- protects against many cancers, protects against asbestos and promotes healthy weight control
- has anti-inflammatory, antibacterial and antiviral activity
- promotes optimal health
- for more information, visit the garlic detailed overview from World’s Healthiest Foods
- good source of (in descending order): vitamin K, iron, calcium, vitamin A, fiber, manganese, magnesium, vitamin C and potassium
- contains excellent mix of flavonoids that offer protection at the cellular level
- anti-bacterial, anti-inflammatory, and enhance cardiovascular health
- for more information, visit the basil detailed overview from World’s Healthiest Foods
- Good source of (in descending order): vitamin K, manganese, iron, fiber, omega-3, calcium, vitamin A and vitamin C
- Acts as an effective antibacterial, acts as a potent antioxidant and promotes overall good health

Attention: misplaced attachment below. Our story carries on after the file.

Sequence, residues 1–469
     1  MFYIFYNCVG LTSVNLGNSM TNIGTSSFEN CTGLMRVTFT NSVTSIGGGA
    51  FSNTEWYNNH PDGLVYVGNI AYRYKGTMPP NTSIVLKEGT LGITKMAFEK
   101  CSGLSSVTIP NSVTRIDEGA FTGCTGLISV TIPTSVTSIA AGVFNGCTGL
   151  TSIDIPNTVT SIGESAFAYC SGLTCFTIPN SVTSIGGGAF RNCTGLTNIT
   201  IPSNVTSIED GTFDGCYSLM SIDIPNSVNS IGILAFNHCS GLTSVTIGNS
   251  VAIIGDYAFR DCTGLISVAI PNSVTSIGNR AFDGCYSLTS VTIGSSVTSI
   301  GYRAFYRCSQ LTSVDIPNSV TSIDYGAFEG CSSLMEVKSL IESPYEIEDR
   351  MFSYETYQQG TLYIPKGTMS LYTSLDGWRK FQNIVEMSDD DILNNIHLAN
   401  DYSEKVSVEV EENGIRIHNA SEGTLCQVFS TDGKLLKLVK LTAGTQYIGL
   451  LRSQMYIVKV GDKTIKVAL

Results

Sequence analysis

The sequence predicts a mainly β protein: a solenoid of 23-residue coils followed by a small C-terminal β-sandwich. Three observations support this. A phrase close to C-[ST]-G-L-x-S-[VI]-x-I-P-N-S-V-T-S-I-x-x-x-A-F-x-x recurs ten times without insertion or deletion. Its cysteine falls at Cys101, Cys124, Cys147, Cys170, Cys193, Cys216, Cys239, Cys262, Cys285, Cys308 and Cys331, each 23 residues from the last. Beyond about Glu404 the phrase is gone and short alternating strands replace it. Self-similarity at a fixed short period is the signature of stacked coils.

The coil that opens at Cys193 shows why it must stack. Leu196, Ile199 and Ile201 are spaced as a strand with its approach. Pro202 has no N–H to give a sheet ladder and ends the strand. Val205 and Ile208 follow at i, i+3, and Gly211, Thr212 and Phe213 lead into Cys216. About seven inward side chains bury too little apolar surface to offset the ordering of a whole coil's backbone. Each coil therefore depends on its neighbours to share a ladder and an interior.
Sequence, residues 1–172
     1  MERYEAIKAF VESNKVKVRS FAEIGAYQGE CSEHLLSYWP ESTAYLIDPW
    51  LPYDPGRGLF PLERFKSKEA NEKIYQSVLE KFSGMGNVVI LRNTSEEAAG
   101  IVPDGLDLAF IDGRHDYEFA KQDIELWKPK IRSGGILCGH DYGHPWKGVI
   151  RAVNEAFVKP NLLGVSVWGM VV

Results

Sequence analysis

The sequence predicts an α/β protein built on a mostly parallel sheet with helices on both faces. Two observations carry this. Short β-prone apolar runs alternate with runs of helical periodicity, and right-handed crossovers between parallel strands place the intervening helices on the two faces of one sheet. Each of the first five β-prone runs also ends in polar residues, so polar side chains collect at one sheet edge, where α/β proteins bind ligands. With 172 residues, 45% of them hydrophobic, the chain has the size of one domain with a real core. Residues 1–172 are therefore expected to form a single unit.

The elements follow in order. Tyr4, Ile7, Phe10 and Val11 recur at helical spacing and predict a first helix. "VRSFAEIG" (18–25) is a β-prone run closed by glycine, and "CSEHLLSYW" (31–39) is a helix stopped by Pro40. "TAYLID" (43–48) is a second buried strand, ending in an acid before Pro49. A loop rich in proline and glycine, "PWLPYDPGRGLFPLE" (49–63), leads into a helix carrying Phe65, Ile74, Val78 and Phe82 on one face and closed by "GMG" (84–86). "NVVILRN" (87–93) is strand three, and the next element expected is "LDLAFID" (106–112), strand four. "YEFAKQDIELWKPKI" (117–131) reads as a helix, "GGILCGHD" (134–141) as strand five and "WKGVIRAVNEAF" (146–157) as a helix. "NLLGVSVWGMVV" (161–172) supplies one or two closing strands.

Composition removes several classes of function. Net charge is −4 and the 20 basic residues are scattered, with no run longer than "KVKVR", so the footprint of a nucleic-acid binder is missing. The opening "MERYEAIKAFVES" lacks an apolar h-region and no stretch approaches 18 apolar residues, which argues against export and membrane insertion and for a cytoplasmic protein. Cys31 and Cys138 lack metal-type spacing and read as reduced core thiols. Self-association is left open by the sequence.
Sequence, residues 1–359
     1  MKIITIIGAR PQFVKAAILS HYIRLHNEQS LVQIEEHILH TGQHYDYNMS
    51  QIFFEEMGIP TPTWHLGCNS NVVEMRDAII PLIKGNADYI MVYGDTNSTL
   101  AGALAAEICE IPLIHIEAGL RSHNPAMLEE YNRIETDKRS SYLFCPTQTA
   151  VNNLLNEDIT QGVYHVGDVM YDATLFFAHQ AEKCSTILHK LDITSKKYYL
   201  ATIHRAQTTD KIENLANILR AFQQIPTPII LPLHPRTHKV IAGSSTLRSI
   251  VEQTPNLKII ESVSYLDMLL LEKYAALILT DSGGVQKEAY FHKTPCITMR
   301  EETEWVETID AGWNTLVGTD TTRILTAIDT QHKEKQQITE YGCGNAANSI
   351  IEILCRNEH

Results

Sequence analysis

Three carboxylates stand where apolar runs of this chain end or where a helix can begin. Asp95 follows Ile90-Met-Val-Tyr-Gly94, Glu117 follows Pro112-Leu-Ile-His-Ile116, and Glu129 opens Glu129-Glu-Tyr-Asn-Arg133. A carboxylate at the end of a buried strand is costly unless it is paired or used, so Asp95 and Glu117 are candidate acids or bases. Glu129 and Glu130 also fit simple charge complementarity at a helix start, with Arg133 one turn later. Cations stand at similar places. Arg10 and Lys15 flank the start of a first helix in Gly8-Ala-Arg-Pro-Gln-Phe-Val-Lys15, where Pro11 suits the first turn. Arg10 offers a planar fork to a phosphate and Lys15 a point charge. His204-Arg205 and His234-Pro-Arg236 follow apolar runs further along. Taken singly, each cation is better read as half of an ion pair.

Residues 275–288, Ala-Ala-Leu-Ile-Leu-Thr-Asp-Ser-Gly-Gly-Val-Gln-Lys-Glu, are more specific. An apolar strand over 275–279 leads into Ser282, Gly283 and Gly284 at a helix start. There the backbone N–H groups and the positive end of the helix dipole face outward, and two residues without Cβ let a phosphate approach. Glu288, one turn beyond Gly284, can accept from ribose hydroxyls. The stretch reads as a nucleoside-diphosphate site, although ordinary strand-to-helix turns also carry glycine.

- For more information, visit the oregano detailed overview from the World’s Healthiest Foods
- Good source of: manganese, vitamin K, iron and fiber
- Helps prevent the formation of intestinal gas, increases the absorption of nutrients from foods, and enhances overall good digestive health
- Also contains antibacterial and antioxidant properties
- For more information, visit the black pepper detailed overview from World’s Healthiest Foods
Unrefined Sea Salt:
- Naturally occurring complex of sodium chloride, which includes major minerals such as calcium and magnesium and a complete complement of essential trace minerals
- Alkalizing to maintain proper acid/alkaline body balance
- Has helped to promote optimal health in civilizations for centuries